I treat my batteries very well due to the initial cost. Most would simply take it to 20% and fire up the genset to take it to 100% without any other adjustments.  Even with that "abuse", they'll get 2000 cycles out of them. It's certainly simpler and I may be overthinking it, but I don't mind a bit of extra thinking to make them last a few thousand extra cycles.

--
Scott 
2007 A54 #69
SV Tengah
http://www.svtengah.com

Scott SV Tengah
 

Paul,

I can't really predict for you, but I would guess as long as you spend most of your time around 50% and don't let it drop below 30% very often, the 15-20 year lifetime sounds very realistic.

Keep in mind that ONE over voltage or ONE under voltage condition can irreversibly damage the cell and likely the battery. That's why the BMS is there but all the charging sources need to be able to cut off charging once the BMS tells them to do so. And if any of the cell voltages drop below the safe level per the BMS, there should be an automatic disconnect of all the loads. Given the way Amels are wired, this last part has been a struggle for me.

You ideally should keep it at 40-50% while its wintered. Whatever you do, don't keep it at 100%. The Victron chargers don't have a direct way to specify target SOC, so I had to find a workaround.


--
Scott 
2007 A54 #69
SV Tengah
http://www.svtengah.com

islandpearl2_sm2k332
 

Hi Scott

Really interesting thread, thank you. We are following with interest.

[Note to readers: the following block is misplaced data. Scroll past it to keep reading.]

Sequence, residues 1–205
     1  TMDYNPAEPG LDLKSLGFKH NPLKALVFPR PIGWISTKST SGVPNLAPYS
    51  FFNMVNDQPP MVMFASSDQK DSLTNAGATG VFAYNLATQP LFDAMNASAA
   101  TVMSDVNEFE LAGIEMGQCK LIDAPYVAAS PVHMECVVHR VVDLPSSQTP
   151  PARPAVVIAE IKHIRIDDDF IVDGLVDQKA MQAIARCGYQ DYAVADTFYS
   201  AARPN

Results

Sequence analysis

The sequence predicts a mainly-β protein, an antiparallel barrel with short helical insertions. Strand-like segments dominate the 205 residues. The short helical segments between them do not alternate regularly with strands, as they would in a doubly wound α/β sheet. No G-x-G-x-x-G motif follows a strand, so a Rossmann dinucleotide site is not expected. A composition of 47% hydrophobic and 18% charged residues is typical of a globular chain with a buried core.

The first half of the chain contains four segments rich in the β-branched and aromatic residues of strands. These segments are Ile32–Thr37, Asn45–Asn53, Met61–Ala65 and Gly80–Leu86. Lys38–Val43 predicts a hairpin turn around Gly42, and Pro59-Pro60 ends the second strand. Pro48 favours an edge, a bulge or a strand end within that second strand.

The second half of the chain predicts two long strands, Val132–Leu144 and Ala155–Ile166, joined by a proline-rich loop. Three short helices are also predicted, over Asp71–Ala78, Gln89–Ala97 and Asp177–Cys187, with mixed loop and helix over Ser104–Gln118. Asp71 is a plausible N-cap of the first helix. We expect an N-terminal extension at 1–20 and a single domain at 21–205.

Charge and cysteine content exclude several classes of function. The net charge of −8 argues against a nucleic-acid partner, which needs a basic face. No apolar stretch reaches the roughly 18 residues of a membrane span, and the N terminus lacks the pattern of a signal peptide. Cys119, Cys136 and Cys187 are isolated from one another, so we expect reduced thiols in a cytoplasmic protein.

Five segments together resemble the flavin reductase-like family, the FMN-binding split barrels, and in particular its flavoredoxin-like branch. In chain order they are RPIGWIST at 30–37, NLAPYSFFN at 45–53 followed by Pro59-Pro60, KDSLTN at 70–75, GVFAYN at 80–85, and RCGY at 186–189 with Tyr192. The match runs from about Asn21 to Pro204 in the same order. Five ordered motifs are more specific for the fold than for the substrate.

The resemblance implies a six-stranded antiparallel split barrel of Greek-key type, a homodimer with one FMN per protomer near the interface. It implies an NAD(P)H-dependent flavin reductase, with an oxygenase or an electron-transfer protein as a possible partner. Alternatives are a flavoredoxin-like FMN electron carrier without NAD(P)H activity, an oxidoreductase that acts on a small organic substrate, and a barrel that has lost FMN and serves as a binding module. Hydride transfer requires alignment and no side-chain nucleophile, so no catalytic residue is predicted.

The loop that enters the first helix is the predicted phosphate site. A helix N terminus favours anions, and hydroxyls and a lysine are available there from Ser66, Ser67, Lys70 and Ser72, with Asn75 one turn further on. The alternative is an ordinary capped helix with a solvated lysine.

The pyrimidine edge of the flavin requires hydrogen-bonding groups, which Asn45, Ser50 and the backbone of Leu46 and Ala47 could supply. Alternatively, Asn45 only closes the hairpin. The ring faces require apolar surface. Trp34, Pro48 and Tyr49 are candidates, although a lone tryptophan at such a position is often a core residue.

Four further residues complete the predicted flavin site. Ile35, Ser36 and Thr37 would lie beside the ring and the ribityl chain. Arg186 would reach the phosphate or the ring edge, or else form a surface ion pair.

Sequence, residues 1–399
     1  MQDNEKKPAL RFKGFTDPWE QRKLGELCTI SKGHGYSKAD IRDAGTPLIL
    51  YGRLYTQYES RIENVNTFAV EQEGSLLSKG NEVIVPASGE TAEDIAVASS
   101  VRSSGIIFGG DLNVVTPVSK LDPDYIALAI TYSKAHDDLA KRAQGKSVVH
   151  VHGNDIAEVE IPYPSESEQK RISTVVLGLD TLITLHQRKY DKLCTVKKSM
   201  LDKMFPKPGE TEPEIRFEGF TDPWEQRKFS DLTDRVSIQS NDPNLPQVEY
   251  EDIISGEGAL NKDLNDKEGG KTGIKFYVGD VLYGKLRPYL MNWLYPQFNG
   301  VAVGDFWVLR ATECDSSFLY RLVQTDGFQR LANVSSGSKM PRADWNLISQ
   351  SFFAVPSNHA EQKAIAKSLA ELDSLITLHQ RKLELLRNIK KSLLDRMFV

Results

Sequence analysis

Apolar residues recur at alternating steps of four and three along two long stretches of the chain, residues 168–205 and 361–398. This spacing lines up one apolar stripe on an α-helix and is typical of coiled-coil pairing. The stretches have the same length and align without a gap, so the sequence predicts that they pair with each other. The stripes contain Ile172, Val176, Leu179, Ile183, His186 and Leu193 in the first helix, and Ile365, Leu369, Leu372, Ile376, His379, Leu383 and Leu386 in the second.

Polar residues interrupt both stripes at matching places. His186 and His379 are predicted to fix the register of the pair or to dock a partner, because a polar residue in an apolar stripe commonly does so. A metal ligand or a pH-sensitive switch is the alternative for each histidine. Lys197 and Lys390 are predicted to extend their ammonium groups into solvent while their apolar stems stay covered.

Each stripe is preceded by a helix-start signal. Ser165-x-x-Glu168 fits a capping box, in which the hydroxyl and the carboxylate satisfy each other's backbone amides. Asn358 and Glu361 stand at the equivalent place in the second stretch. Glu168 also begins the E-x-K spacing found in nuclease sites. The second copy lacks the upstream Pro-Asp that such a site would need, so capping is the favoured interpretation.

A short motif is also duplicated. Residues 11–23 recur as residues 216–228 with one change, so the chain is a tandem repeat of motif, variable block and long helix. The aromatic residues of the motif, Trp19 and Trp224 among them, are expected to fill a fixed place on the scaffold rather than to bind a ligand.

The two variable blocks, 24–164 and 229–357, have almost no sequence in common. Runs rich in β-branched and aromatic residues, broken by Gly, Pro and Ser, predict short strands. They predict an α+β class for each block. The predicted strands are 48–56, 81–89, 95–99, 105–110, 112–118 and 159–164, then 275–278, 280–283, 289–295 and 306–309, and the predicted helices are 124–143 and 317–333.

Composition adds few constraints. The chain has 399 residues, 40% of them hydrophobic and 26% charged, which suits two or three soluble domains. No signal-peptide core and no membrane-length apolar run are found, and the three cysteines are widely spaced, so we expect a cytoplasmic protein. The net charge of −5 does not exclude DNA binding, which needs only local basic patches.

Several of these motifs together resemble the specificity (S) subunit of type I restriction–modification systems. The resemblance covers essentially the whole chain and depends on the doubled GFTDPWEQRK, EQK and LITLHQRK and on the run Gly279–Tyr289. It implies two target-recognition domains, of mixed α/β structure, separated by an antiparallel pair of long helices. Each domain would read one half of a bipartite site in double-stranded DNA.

After we met you at the Caribbean Amel Rally 2019 we took a late decision to do the Pacific this year, and end our circumnavigation in Nov 2019 instead of 2010. After this, we will probably sell Island Pearl II, but if we do not sell and decide to go around again instead, then adding Lithium batteries will certainly be the last of many upgrade steps to Island Pearl II. Based on this I would also be most interested in getting a copy of your upcoming Lithium report.

On Island Pearl II we have 1040w of solar, run through three separate solar controllers, plus two Rutland 1200 wind gens, and we now seldom use the genset. We have the same 100 Duo watermaker as you, plus do all cooking on our induction stove which is so much nicer than gas cooking. Gas is only for oven baking which we seldom do. To improve washing efficiency we recently upgraded the Amel supplied "Thompson" washing machine to a new "Bosch" as that comes with better cleaning and efficiency, and particularly has a dedicated special "cold water" washing cycle for doing our washing from batteries only.